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The attractive village of Bidston, now a conservation area, is situated near Hoylake on the Wirral Peninsula.
Bidston is mentioned in the Domesday of Book, but evidence of occupation in the area goes back as far as the Stone Age.
Bidston was once once owned by the influential Stanley family, Bidston Hall was built by William, 6th Earl of Derby in 1595, by whom it was used as a shooting lodge. Following the Civil War, William's heir, James, refused to recognise Cromwell as ruler and fled to his estates on the Isle of Man. He was beheaded at Bolton in 1651. Constructed of yellow sandstone, the front approach to the hall is through a square court, with a handsome gateway decorated with the arms of the Stanley family. The western front has bay windows and projecting gables, and the entrance is in the centre of the front, formed in a semicircular porch, which rises the entire height of the building.
St Oswald's Church was rebuilt in the 13th century on the site of an earlier church. Its tower added in the early 16th century. This tower survives but the remainder of the present building dates mainly from the rebuilding of 1855-6. The stained glass include windows by Morris & Co. Church Farm Cottage, which stands opposite the church, dates from the seventeenth century.
Bidston Moss Nature Reserve, although greatly changed from the salt marsh of the original mossland, is haven for waterfowl and birds of prey. The moss is .an important wildlife site in North Wirral, particularly for its ponds, reedbed and marshland. In Autumn there are of finches and roosting Swallows to be seen, while visiting birds of prey include Merlin, Sparrowhawk, Kestrel and Barn Owl. The increase in the number of wildfowl in winter consists mostly of mallard with some Teal while Snipe and occasionally Jack Snipe and Water Rail can also be seen. Bidston Moss is the largest of the four sites with native broadleaf woodland and much open grassland There is a network of paths and cycle tracks including a 2km perimeter cycle trail.
Bidston Hill consists of around 100 acres of heath land, woodland and sandstone outcrops that contains several historic buildings and mysterious rock carvings. The summit reaches 231 feet, making it one of the highest points on the Wirral. There are a number of places of historical interest on the hill which has associations with Arthurian legend. Sir Gawain was said to have brought the Holy Grail with him when he travelled this way.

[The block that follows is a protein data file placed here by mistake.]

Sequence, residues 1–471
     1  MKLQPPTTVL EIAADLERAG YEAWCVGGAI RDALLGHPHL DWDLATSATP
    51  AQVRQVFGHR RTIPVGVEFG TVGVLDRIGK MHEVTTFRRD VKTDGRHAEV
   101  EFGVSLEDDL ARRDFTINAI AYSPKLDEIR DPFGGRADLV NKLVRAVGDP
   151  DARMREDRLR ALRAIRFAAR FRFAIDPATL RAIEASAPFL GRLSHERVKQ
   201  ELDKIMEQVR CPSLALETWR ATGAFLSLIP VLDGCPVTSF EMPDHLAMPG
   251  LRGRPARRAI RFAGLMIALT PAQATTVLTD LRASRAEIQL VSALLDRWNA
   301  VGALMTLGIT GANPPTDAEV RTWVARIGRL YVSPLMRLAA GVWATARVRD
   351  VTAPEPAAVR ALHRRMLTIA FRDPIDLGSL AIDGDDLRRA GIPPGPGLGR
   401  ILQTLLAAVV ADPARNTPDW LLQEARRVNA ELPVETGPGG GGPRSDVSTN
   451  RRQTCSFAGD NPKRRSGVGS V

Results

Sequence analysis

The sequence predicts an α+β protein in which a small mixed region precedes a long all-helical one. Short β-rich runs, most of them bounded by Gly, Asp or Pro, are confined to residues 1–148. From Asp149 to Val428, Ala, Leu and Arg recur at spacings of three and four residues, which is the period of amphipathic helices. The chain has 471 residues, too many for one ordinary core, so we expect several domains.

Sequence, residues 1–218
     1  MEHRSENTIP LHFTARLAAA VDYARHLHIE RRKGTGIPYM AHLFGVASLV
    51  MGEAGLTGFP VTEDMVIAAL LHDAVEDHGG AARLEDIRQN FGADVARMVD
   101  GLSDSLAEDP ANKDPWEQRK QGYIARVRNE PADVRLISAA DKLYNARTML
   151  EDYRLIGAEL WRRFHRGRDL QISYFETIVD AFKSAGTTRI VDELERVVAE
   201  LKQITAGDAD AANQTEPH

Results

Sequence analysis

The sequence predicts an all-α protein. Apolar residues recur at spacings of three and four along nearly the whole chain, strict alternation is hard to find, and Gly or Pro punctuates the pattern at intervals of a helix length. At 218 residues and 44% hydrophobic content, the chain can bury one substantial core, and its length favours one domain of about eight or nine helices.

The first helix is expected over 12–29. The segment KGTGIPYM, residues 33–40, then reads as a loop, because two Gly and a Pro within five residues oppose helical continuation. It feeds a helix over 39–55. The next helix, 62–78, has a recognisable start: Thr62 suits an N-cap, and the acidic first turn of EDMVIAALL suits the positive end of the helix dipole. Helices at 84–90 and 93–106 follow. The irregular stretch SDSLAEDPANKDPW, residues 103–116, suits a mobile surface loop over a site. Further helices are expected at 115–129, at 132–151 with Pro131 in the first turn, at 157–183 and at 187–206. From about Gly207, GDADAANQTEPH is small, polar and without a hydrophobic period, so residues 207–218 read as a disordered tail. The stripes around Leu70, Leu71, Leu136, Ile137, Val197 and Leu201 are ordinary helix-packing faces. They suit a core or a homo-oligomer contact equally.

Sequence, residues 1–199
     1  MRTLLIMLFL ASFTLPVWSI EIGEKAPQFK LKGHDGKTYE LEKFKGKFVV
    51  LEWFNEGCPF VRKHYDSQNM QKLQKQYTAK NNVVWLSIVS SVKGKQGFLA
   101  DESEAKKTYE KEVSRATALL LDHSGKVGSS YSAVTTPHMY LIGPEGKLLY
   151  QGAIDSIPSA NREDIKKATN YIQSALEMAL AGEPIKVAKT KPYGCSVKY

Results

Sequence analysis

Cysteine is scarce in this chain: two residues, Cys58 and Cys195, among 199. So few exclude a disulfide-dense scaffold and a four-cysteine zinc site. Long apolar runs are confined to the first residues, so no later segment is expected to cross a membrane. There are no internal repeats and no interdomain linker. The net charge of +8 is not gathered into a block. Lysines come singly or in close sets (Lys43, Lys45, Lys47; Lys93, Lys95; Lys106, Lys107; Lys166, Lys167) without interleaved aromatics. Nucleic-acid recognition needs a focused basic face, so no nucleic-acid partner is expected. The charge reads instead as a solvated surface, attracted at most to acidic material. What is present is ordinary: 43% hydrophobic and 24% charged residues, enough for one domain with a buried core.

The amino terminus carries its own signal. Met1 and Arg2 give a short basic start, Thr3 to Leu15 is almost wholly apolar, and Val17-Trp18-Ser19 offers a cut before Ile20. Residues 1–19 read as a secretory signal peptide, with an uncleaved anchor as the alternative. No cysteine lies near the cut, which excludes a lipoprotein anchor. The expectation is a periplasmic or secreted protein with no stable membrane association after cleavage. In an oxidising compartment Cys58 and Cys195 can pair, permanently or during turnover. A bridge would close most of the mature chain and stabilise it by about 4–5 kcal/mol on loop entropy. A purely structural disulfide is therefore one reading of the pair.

Bidston Windmill (pictured above) replaced a wooden mill that was destroyed by fire in 1793, and was used to grind wheat until 1875. A windmill has occupied this site since 1596. It was restored in the 1890's.
Bidston Observatory dates to 1866. In 1929 its work was merged with that of the University of Liverpool Tidal Institute. There has been a lighthouse on the hill since 1771. The present lighthouse was constructed in 1873 and last saw use in 1913.
An ancient rock carving (pictured left) measuring four and a half feet depicting the 'Sun Goddess', may be found ona sandstone outcrop just north east of the observatory (OS grid reference- SJ288900). It faces the direction of the rising sun on midsummer's day. There is also a carving of a cat-headed Moon goddess with a moon at her feet. These carvings are thought to have been done by Irish-Norse settlers in the area - probably the 9th-10th century AD. However, one source put the age of the carvings as being Gallo-Roman from the 2nd century AD.
Another ancient carving of a horse can be found on the rock north of the Observatory, just before the path turns down to Bidston Village. Some authorities consider this carving could be more recent.
Tam O Shanters Urban Farm on Bidston Hill is a working farm, designed as a family attraction. It is based at Tam O Shanter's cottage which is itself around 300 years old. The farm is home to a variety of farm animals, including pigs, sheep, goats, chickens and geese. It's a great opportunity for children of all ages to meet and learn about farm animals up close.
Nearby places of interest
Birkenhead Priory which is located in Priory Street, Birkenhead, was founded about 1150, probably by Hamon de Masci, 3rd Baron of Dunham Massey for the Benedictine Order.
Thurstaston Common a popular spot with walkers for the superb views, at just 90m above sea level, it offers some of the best scenery the Wirral has to offer, from the summit of Thurstaston Hill the views encompass the Dee Estuary and the hills of Wales. Legend records that Thorstone Rock, a large sandstone mound, was thrown by the Norse God, Thor. The site is now jointly owned by Wirral Borough Council and The National Trust the site is managed by Wirral Rangers.
Leasowe Lighthouse Constructed of hand made brick in 1763 by the Mersey Docks and Harbour Board, Leasowe Lighthouse on the Wirral Peninsula is the oldest brick built lighthouse in the United Kingdom.
Fort Perch Rock at New Brighton on the Wirral, is a coastal defence which was constructed built between 1825 and 1829. It was built to protect the Port of Liverpool and as a fortified lighthouse to replace the old Perch Rock Light.